How does what these miners went through compare to astronauts’ experience?

There are similarities and differences.

There are a lot of similarities in all of these long-duration confinement settings. You have the confinement, you have the fact that in this mine’s case [as in spaceflight], they had the opportunity for communication and for two-way video with the families. We knew ahead of time, before they would be rescued, so we had time to train them. We had time to retrofit a support program for them. They had time to build up their knowledge so they would be able to cope down under much better. So I think a lot transferred directly over, with just some modification in that we were retrofitting a group rather than pre-fitting the group.

However there were some really strong differences in the circumstances of the miners were in versus our people. The miners had been thrust into the situation; they hadn’t wanted to be there, they hadn’t spent their lives trying to get there. And they didn’t know when they’d be getting to come out. Normally our people know “Ok, your landing date is here, give or take a week or two.” And so they can pace themselves, they can look forward to that time. And it’s much, much easier to bear versus when you don’t know when you’ll be rescued or how long you’ll be down there.

Another big difference was that 33 was a much larger number than the six people we’re used to working with. But then the space down there they had was much larger than what we’re used to working with for our six. So that kind of equaled out — their “social density,” the number of people per cubic volume, wasn’t too different.

So in short, there were differences and similarities, but a lot of it transferred over.

You mention that the men hadn’t been selected or trained ahead of time. But did it help that they were miners, and used to being underground?

That’s a good point. They were in an environment they knew. They had been working there, some of them, nearly all their lives. Some were newer to it, but certainly it was a familiar environment that they were trapped in, it wasn’t alien to them, so I think that helps a lot. And also, I think they’re a tough group too.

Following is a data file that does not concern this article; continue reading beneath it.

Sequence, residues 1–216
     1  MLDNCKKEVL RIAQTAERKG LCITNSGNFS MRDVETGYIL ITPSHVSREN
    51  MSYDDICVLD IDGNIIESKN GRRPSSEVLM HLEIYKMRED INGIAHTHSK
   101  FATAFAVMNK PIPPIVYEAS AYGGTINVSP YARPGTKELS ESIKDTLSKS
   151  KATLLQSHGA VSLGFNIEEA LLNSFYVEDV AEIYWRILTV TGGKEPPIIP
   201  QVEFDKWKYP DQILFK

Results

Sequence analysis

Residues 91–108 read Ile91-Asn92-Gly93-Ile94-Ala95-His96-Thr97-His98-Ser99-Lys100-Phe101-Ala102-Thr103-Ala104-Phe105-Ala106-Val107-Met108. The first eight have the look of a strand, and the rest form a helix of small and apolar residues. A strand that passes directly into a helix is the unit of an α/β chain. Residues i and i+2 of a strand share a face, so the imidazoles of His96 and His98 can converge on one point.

Another thing that helped them a lot was their leader, Urzua. He got them organized, he interceded and established a pattern down there, established roles, gave meaningful work to people, and had them working on their own behalf to either escape, or to be heard and found and rescued, which was successful. So that — taking charge of your own fate — has a really positive effect on your motivation. It has a positive effect even after you come out, on how you look back at that experience and how traumatic it was versus how good it was.

How will they look back on their experience? What kind of mental health issues might they face going forward?

They’re 33 individuals, so I think we’re going to see a range of reactions to being trapped down there. We really will find that out as their stories unfold and as time goes by. Because lots of times symptoms don’t show up right away, they show up later down the road. But I think the doctors are definitely are going to be looking for anxiety reactions, family difficulties, difficulties sleeping or concentrating. They’ll be looking for symptoms such as reliving the entrapment experience, nightmares that don’t go away or intrusive thoughts during the day. They’ll be looking for aversion to dark.

They definitely will have a counseling program and I think they’ll greatly encourage regular contact with a counselor to assess individuals as they go down the road. One thing that’s going to happen is that everyone has to go through some major adaptation with the new fame. The families, spouses, and the miners as well. And I think there are going to be some people who maintain their balance and do that very well, and there will be other people who have more difficulty.